20 quick facts on medical schemes in SA

Many medical scheme members are baffled by scheme rules and regulations. And by constant changes to benefits and contributions.

Here are 20 quick facts on medical schemes in South Africa which might answer some of your questions:

A person may not legally belong to more than one medical scheme.

You do not need to apply for medical scheme membership through a broker: you can apply directly to the scheme.

A minor may become a medical scheme member with the assistance of a parent or guardian, and provided the contributions are paid.

If you have terminated your membership of a medical scheme, you will be covered until midnight of the last day of the month in which you paid your final membership contribution.

Employers do not have to subsidise an employee’s contributions to a medical scheme.

Medical schemes are not allowed to pay out no-claim bonuses or rebates.

If a medical scheme principal member dies, his/her dependants may continue to be members provided the contributions are paid.

An employer may insist that a permanent employee belongs to a medical scheme as a condition of employment.

Medical schemes may not refuse membership to an applicant, but they may charge late-joiner penalties or waiting periods before claims can be made for specific conditions.

Claims must be submitted within four months of the treatment date, otherwise they will not be paid out.If you have money in your savings account, you may not withdraw it in cash. It can only be paid out when you terminate your membership.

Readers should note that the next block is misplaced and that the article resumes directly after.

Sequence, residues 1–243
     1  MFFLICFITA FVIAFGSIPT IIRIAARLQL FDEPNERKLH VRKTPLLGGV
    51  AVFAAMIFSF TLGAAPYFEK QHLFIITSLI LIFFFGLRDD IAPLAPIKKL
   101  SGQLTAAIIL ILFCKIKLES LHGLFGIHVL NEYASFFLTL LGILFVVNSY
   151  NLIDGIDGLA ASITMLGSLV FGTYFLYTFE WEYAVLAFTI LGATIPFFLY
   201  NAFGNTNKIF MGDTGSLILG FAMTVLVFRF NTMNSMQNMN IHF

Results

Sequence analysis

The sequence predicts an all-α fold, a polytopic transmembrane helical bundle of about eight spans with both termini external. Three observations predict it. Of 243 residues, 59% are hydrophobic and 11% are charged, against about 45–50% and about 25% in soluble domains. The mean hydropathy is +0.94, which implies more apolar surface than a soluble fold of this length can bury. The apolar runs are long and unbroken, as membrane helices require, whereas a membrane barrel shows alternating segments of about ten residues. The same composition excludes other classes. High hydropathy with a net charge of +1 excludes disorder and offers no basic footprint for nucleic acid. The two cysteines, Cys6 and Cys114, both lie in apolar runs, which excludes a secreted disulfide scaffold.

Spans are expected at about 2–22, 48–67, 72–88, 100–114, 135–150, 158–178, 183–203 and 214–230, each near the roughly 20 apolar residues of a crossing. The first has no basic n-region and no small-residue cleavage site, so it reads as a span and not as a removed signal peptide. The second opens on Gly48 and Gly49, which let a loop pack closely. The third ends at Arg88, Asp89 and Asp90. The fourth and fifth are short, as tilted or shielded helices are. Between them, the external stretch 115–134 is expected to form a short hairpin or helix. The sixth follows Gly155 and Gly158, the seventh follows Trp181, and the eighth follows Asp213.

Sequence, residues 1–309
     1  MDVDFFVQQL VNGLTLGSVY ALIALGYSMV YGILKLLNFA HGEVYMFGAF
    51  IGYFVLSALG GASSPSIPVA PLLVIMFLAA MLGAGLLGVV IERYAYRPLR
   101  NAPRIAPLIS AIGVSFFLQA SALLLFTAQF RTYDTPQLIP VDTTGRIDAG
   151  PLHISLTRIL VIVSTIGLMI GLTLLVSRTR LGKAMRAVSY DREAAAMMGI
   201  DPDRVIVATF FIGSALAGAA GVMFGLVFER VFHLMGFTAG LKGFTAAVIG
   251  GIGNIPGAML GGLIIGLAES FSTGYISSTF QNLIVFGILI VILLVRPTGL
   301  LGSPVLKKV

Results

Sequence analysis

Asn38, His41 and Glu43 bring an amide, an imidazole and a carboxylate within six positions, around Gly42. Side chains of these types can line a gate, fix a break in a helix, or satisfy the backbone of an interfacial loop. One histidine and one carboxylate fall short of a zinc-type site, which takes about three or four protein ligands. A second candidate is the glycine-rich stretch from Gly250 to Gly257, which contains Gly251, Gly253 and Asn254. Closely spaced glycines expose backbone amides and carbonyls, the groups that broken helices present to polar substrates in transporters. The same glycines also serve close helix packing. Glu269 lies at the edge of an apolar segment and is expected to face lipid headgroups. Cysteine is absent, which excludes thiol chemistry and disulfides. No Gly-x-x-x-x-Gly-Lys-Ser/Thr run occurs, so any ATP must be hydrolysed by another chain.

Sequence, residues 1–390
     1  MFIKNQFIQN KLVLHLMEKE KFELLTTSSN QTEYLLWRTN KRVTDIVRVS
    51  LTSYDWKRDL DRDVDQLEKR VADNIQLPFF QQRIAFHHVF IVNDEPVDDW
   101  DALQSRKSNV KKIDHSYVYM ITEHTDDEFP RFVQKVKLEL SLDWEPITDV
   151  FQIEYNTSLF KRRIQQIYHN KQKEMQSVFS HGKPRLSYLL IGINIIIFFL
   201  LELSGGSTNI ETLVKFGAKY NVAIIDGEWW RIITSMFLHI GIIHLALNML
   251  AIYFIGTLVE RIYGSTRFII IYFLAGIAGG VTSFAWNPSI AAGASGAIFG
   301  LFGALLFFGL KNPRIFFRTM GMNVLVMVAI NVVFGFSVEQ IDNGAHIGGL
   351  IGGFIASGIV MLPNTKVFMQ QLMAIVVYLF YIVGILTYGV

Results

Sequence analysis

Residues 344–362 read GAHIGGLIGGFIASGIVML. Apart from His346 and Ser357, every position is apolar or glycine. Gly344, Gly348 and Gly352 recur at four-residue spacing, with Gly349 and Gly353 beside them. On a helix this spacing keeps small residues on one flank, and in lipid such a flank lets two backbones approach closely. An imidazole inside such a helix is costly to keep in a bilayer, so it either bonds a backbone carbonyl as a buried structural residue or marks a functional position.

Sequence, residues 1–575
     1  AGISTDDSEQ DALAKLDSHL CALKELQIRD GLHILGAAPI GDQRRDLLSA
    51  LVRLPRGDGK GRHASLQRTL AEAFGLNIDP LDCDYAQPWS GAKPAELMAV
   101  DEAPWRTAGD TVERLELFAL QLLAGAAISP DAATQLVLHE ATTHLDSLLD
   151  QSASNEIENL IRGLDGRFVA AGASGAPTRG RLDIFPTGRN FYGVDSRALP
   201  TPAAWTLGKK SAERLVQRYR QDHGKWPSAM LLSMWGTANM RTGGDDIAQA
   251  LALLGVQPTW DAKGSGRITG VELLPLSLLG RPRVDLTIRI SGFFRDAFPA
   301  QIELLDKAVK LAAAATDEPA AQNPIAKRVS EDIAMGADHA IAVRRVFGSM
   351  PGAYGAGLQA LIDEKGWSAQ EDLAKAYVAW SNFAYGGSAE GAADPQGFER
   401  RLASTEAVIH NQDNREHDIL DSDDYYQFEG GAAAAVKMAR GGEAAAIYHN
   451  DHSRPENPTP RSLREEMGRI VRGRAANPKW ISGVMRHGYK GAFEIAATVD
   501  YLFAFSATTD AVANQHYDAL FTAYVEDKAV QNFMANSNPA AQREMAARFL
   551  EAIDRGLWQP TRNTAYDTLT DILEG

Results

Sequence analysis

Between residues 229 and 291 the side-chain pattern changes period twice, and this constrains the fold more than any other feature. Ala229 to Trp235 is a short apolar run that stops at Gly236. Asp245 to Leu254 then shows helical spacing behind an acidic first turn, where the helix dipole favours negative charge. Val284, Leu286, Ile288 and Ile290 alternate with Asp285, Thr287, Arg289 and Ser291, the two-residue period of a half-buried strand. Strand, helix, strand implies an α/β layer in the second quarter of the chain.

Claims should be paid out within 30 days of receipt of the claim.

Medical schemes are non-profit organisations.

Medical schemes have to hold surplus or accumulated funds equal to 25% of the total annual contributions by members.

Medical insurance products are not governed by the rules of the Medical Schemes Act.

A scheme may terminate someone’s membership if contributions are not paid, or if the member has withheld crucial medical information on their application forms, or if they have submitted fraudulent claims.

Schemes may expect members to use Designated Service Providers (DSPs). These could include doctors, specialists and hospitals.

At least half of the Board of Trustees of a medical scheme must be elected or appointed from the ranks of members.

(Source: the Council for Medical Schemes)

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